Atop Margaret Bennet’s birthday cake flickered three candles: the number one, zero and five. At her age of 105, the actual number of candles becomes cumbersome.
Bennet, a Sidney resident, turned 105 on Wednesday, June 14 and celebrated with her family and friends at her Sidney Care Home residence on Fifth Street.
Bennet’s three daughters – Roberta Manzini, Jean Jones and Karen Anderson – came to town for the special occasion. And almost all the residents of the Home – over 50 – filled the party room for cake, social, music and dancing. The party was happening.
Bennet – donning a long, silky turquoise dress, matching turquoise earrings, a mink stole and bright red nail polish – sat front row smiling and clapping along to the live music of the dynamic duo Rosie and Corinne who entertain with familiar songs.
“Everyday’s a good day. I lead a good life,” Bennet says just barely above the noise of her own party. “I’ve always tried to live a good life.”
Manzini, 76, says they almost lost Bennet when she was 89 after she fell and broke her hip, but even that didn’t stop Bennet from going on a cruise nearly six months later and dancing in a chariot.
When it comes to her longevity, Bennet says she only has one secret.
“I always pray to God for everything; God always helps me,” she says.
Diet wise, Jones, 74, says her mother has always been a “sensible eater,” but these days she mostly eats mashed potatoes and Ensure, a protein supplement drink. She also has a small sip of wine each day at happy hour, says Anderson, 70, who lives closest to her mother and sees her more often.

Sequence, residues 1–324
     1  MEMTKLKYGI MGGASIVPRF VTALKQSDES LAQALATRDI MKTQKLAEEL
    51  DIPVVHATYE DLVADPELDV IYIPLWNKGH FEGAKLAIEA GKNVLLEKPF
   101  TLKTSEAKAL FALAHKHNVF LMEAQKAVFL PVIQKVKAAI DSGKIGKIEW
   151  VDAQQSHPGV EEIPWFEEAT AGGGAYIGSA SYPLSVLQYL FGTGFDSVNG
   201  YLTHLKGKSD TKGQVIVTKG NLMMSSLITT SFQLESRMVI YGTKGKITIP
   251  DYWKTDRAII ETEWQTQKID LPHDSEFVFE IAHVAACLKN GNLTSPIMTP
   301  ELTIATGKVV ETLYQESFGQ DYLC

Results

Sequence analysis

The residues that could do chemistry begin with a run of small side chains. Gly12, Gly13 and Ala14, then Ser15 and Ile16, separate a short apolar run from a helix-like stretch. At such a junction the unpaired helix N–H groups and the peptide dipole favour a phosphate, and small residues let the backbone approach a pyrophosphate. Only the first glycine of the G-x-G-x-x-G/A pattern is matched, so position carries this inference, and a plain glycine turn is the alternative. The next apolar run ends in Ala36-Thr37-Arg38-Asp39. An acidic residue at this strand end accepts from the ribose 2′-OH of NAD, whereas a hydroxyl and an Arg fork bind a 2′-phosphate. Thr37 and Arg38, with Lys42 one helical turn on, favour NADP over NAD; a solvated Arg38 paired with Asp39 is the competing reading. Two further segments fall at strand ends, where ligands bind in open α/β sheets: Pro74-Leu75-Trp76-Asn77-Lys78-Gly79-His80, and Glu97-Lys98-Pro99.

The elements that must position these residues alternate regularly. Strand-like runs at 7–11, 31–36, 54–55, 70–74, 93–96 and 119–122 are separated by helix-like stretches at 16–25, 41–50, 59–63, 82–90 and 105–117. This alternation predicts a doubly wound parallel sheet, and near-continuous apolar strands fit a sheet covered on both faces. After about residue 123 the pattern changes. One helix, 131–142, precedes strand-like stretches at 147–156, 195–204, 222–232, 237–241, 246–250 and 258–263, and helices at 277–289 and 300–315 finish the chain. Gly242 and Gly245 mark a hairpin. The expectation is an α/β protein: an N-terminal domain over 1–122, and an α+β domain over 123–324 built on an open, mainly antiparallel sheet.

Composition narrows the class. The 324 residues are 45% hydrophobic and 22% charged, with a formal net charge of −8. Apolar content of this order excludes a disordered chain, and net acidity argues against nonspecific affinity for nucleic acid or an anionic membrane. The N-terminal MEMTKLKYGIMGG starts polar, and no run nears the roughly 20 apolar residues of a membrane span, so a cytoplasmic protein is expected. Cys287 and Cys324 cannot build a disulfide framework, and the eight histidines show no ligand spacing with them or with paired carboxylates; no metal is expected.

Bennet’s daughters all say she is very healthy, despite two hip breaks and a recent foot infection. Manzini says her mother wore stilettos right until 89; but after her fall, Anderson was forced to throw them out, something she says with a laugh, her mother has never forgiven her for.
Over the years, Bennet’s sense of style hasn’t faded. In fact, she made the dress she wore at her party and one of her daughter’s said she almost wouldn’t leave her room until she found her other matching earring.
Myrna Fox, the recreational director at Sidney Care Home, sees Bennet on a daily basis.
“This morning she did exercises, she’s good at answering trivia questions,” says Fox. “She can even still wheel herself in her wheelchair.”
Jones mentions her mother still has a competitve side.
“She loves playing games, she especially loves winning,” Jones says, adding that her mother is an inspriration.
Andersonadds her mother’s strength has been incredible. Until four years ago, Bennet lived on her own.
“She once told the doctor she’s part animal. She said she’s as healthy as a horse, as strong as an ox and as stubborn as a mule,” Anderson says laughing.
As for Bennet, she has one goal: to celebrate her 107th birthday. Bennet’s daughters say she had an aunt who lived to be that age and their mother wants to, too.